Interview: Dean Chisnall, Shrek in Shrek The Musical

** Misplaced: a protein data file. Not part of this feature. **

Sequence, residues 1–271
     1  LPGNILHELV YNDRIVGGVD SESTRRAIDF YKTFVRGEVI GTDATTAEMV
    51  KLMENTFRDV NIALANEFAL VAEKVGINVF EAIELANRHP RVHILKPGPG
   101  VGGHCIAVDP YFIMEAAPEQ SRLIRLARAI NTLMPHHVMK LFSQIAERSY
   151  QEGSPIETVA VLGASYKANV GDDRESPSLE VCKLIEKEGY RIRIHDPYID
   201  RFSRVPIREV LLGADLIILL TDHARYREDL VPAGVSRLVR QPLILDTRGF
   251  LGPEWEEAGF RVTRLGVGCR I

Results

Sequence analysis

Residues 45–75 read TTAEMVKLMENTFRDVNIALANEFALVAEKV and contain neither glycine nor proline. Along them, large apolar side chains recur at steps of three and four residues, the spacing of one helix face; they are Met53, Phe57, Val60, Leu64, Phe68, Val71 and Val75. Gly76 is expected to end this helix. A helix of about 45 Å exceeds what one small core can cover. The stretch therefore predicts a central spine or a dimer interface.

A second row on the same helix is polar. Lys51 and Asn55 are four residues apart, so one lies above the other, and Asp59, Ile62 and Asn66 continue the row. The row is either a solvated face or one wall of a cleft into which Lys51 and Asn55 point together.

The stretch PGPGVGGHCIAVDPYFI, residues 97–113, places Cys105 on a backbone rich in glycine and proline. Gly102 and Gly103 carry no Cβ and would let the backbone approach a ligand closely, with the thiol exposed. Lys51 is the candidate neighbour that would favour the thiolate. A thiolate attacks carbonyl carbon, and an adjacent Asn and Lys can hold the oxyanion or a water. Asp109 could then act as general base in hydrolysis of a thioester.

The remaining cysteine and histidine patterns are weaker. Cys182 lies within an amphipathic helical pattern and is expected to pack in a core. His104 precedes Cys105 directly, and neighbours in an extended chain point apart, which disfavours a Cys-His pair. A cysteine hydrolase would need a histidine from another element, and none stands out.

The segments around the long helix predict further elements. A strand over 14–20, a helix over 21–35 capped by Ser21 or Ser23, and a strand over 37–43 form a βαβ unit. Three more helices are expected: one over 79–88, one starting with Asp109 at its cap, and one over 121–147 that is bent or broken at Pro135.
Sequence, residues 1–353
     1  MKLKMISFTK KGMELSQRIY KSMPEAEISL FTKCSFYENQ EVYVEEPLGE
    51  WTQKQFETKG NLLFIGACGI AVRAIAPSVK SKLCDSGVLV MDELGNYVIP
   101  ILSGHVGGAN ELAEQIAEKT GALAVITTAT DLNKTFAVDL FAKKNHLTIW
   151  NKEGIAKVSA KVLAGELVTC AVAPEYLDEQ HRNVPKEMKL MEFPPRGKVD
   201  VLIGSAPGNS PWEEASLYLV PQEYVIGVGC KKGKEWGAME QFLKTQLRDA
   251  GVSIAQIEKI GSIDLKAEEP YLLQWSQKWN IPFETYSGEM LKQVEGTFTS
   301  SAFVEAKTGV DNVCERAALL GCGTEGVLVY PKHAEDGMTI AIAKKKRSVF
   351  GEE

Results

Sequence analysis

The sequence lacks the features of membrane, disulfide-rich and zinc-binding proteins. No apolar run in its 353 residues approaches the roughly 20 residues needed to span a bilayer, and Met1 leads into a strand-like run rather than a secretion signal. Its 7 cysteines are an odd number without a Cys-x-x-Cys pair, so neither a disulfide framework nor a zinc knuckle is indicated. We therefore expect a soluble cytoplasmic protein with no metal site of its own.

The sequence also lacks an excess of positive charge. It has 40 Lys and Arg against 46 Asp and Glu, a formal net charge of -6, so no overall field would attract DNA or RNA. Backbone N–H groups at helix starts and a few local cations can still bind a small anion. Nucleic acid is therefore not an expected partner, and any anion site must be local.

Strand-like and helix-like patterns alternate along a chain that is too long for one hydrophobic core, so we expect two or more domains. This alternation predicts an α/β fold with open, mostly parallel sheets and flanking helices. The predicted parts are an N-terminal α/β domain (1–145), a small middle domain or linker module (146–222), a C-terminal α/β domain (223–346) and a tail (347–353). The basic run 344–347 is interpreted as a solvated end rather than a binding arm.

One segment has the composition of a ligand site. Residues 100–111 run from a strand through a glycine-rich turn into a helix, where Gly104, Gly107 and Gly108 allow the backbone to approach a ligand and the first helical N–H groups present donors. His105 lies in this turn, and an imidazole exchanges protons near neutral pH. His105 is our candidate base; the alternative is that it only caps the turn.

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The Birmingham Hippodrome’s auditorium, consisting of 2,000 seats, is completely empty as I sit with Shrek (that is probably one sentence I’ll never type again.) In celebration of Shrek The Musical arriving in Birmingham for its UK tour I'm catching up with Dean Chisnall, who plays the infamous Shrek in the self-titled musical. It’s like a childhood dream come true. “Last night [the first night] was absolutely amazing... the reaction was incredible and we’re so lucky to be in such a beautiful theatre”, Dean tells me as his voice seems to reverberate across the empty aisles - soon to be replaced by his roar. One of many impressive feats of the production is its extensive wardrobe, with each characters' costumes, wigs and make-up being as intricate as the next. From the Sugar Plum Fairy to Lord Farquaad’s knights, each costume is perfectly designed for the role. The star costume is obviously going to be Shrek’s. On being told that the make-up alone costs the production £375 a night, it’s hard not to choke. Dean sits in front of me in a suit and a cravat. It’s hard to imagine him as a swamp dwelling green ogre. The transformation is as magical as the story. “The make-up alone takes two hours," he says. "The whole thing takes about two and a half hours, two hours for the makeup, fifteen to twenty minutes for the costume then you’re ready and then you’re on and it’s such a bizarre process.” And what’s an orthodox “ogre saves princess from tower” without a dragon? “The dragon is a thirty foot puppet; it’s absolutely enormous. It’s worked by four of our ensemble members who are obviously puppeteers and there’s one on the front end, one on the middle, one on the wings and one on the tail. “It’s worth the ticket price alone to see the dragon work.” The dragon is made from a wired skeleton and light fabric regardless of how heavy it looks. This gives it the effect of flight around the stage. It’s mind-blowing. Dean continues: “For me ‘Who I’d Be’ would have to be my favourite song to perform; the song at the end of Act One. “It’s the first and probably only time we see Shrek open up his soul to the world. It’s such a gorgeous number and to sing it every night is really thrilling.”
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